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The more you move, the better your heart is

A recent study found that middle-aged women and older Black adults who weren’t physically active during their free time were most at risk of dying from cardiovascular disease.

Looking for another reason to get off your couch? 

A new study co-led by Jamal S. Rana, MD, PhD, an adjunct investigator with the Kaiser Permanente Division of Research and a cardiologist at Kaiser Permanente Northern California in Oakland, reinforces the importance of exercise in keeping hearts healthy.

Jamal Rana, MD
Dr. Jamal Rana

The study found that the highest heart-disease death rates occurred in the counties where people reported the lowest rates of physical activity in their free time. Of the inactive adults, middle-aged women and older Black adults were most at risk of dying from cardiovascular disease.

“Social determinants of health undoubtedly play an important role in our findings,” Dr. Rana said. “People living in underserved communities face many barriers, including fewer safe places for recreation, erratic work hours, and scarce child support.”

For the study, Dr. Rana and his colleagues analyzed rates of leisure-time physical activity collected by the Centers for Disease Control and Prevention’s (CDC)  Behavioral Risk Factor Surveillance System survey and annual rates of death from heart disease in 2,900 U.S. counties. Of the responses analyzed, 7.38 million people died from heart disease between 2011 and 2019.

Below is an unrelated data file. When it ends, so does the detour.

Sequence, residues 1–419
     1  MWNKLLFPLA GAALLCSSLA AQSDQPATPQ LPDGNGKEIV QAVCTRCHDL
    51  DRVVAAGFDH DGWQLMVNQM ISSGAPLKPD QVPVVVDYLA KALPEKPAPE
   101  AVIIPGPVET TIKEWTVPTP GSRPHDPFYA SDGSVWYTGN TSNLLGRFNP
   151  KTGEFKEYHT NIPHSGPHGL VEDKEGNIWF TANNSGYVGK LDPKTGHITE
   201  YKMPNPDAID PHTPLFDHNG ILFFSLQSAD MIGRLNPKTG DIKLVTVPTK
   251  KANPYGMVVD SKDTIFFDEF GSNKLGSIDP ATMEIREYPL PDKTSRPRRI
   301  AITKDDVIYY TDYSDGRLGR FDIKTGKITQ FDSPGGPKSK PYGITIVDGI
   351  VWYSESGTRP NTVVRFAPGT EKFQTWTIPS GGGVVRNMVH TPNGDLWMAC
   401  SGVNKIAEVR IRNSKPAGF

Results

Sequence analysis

The study, published in The British Journal of Sports Medicine recently, also found that people living in communities with higher levels of air pollution were less likely to be physically active during their free time.

The researchers said their findings show why it is necessary for policymakers to implement public health programs that aim to boost physical activity, especially in high-risk communities.

Better strategies needed

“Our findings suggest to us that existing interventions aimed at promoting physical activity may not be effectively reaching communities most in need and that more effective strategies are needed,” said lead author Shady Abohashem, MD, MPH, an investigator in cardiovascular medicine at Massachusetts General Hospital.

Previous studies have shown that people who are physically activity and exercise are less likely to develop or die from cardiovascular disease. The CDC recently reported that 1 in 4 U.S. adults do not engage in leisure-time physical activity.

The researchers said their findings support the goals and approaches of the CDC’s Healthy People 2030 initiative, which seeks to reduce the percentage of sedentary Americans from 25% to 21% by 2030.

“One of the best things you can do for your heart health is to exercise as much as possible during your free time,” said Dr. Rana. “Walk, work on a computer standing up, run in place. It does not have to be fancy exercise. Simply move more!”  


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